# Thursday, March 10, 2005
I’ve had my Amateur Radio license for 8 months or so now, and haven’t spent too much time talking on it.  But…  Just recently I’ve discovered the groovy world of IRLP, or the Internet Radio Linking Protocol.  Me talking to a radio in Portland, which is connected via VoIP links to one or more other radios around the world that other people are talking to.  Pretty cool.  You can talk to people all over the world with just a handheld radio and a Technician license.  I made my first “long” distance contact last night, chatting with W2SBI in Virginia.  It’s a pretty strange juxtaposition of old and new technology, but hey, it works.  You can listen in to one of the IRLP reflectors from the web site.
Thursday, March 10, 2005 3:58:42 PM (Pacific Standard Time, UTC-08:00)  #    Disclaimer  |  Comments [0]  | 

I’ve spent the last couple of days trying to get some ham radio related (yes, I’m that big a nerd) software to run on an old laptop I have at home.  I figured, being such an old and limited little machine, I’ll run Linux, since it will be small, light and agile on such hardware.  As ever, the Linux install itself went very smoothly (Debian 3.0).  I spent three solid days installing Linux back in like ‘93, so I appreciate how far installing has come.  It’s what happens after that.  I know I write code for a living, but I’ve discovered that when I get home, it’s not really what I want to do.  And the unfortunate truth of Linux (for me at least) is that everything that doesn’t come with your distro is next to impossible to run.  I just don’t have the patience to compile every piece of software that I want to use, especially since whatever libraries it depends on are NEVER the ones that I have.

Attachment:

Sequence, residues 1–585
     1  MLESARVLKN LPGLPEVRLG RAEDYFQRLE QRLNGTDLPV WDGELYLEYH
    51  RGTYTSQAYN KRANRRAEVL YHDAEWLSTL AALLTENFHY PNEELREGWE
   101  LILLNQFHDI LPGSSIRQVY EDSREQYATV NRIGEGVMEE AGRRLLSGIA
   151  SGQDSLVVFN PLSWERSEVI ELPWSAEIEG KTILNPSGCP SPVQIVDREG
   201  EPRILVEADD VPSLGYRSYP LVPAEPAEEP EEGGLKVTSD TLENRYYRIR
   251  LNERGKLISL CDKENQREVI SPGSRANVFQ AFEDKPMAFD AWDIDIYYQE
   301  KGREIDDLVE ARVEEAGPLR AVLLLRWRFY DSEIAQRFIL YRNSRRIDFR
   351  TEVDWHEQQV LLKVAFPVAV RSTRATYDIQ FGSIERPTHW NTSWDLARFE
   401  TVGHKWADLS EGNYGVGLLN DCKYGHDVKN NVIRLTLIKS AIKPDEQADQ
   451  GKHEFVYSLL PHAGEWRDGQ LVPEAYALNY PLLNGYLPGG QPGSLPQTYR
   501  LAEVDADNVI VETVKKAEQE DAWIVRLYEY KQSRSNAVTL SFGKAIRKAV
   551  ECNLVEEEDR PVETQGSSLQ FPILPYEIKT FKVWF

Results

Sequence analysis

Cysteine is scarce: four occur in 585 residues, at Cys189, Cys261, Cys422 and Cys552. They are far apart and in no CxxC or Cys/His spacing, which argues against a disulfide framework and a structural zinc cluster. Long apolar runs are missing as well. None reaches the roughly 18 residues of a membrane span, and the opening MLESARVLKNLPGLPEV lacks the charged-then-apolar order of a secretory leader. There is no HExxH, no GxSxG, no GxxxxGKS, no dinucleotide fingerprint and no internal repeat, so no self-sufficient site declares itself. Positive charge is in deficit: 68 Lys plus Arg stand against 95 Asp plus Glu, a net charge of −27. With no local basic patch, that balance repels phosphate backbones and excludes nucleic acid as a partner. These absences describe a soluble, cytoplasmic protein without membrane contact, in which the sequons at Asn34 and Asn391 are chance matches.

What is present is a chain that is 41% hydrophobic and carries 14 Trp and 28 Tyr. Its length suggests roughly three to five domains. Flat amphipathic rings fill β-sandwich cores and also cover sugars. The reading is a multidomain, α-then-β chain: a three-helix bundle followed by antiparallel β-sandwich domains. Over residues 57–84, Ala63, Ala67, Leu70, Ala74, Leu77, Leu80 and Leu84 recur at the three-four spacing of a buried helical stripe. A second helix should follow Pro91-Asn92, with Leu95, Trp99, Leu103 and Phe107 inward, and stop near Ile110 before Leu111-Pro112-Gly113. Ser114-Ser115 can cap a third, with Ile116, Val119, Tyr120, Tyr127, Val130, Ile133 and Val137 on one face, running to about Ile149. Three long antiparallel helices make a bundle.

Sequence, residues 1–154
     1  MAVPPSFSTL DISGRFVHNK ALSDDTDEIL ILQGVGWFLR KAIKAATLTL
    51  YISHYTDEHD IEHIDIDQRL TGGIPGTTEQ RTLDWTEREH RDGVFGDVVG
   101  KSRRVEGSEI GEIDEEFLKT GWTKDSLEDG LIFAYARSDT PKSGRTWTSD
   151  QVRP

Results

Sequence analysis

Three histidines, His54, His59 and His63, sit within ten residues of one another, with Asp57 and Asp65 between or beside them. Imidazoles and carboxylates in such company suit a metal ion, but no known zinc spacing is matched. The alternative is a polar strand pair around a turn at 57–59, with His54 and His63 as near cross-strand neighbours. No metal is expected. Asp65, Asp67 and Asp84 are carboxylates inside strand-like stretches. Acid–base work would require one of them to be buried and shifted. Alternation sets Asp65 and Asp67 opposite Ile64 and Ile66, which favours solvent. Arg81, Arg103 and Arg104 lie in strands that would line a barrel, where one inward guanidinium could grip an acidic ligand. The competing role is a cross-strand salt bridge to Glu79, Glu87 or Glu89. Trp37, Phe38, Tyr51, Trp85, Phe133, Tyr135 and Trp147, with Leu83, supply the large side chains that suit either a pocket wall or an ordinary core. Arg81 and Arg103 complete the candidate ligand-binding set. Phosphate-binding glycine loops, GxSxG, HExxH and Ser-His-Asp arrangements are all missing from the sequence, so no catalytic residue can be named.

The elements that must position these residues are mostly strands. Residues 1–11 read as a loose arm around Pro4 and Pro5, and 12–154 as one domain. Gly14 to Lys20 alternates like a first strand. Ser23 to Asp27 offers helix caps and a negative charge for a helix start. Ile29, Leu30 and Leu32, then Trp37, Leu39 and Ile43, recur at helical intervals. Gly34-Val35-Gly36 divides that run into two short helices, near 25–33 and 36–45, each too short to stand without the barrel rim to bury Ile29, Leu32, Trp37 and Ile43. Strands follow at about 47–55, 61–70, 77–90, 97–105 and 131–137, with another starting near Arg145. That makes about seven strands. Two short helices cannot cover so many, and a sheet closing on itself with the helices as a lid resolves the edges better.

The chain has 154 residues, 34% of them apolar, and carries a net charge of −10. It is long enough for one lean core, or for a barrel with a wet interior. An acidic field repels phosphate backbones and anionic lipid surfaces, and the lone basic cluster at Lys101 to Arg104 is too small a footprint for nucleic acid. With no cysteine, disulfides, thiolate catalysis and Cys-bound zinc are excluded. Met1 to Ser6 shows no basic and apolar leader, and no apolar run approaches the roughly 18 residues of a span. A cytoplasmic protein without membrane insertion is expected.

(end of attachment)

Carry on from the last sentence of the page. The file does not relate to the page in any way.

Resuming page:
Sigh.  I know deep in my heart that Linux is cool.  I just don’t have that kind of time. 

As sad as it is, I gave up and installed the copy of 98 SE that came with the box.  And it just works.  Not nearly as flashy (Gnome is way cooler, hands down) but a solid performer.  Of course it took two days and several sets of drivers to get my D-Link WiFi card to work, but that’s a different story. :-)

Thursday, March 10, 2005 2:05:44 PM (Pacific Standard Time, UTC-08:00)  #    Disclaimer  |  Comments [2]  | 
# Wednesday, February 23, 2005
 Michele Leroux Bustamante posted a really great summary of how to go about creating a web service front end coupled to a multi-tier backend.  Check out the diagram at the end.  It makes it very clear.  I particularly like the use of the facade assembly on the web layer to talk to the business tier.  Very nicely done.
Wednesday, February 23, 2005 10:56:45 AM (Pacific Standard Time, UTC-08:00)  #    Disclaimer  |  Comments [0]  | 
# Tuesday, February 22, 2005

I know things have been a bit quiet here lately.  Suffice it to say it’s been a weird winter so far.  I’m hoping to get some more technical content soon, but in the mean time…

I just got back from vacation in Phoenix, where it rained almost the entire time we were there, while here at home in (usually not so) sunny Portland it’s been sunny and in the 50’s and 60’s.  Good thing that whole global climate change is just a myth propagated by eco-freaks.  :-)

Tuesday, February 22, 2005 9:52:05 AM (Pacific Standard Time, UTC-08:00)  #    Disclaimer  |  Comments [3]  | 
# Tuesday, February 08, 2005
Bruce Sterling wrote a great review of the Voltaic Solar Backpack.  Pretty neat gizmo.  It’s a backpack with solar panels on the back that charge an internal battery, that in turn can be used to charge your cell phone/iPod/camera, etc.  I don’t know how well it would work here in the land where the sun is dim, but it’s a cool idea.  Energy self-sufficiency for one’s gizmos is a noble goal.
Tuesday, February 08, 2005 9:51:45 AM (Pacific Standard Time, UTC-08:00)  #    Disclaimer  |  Comments [0]  | 
# Monday, January 24, 2005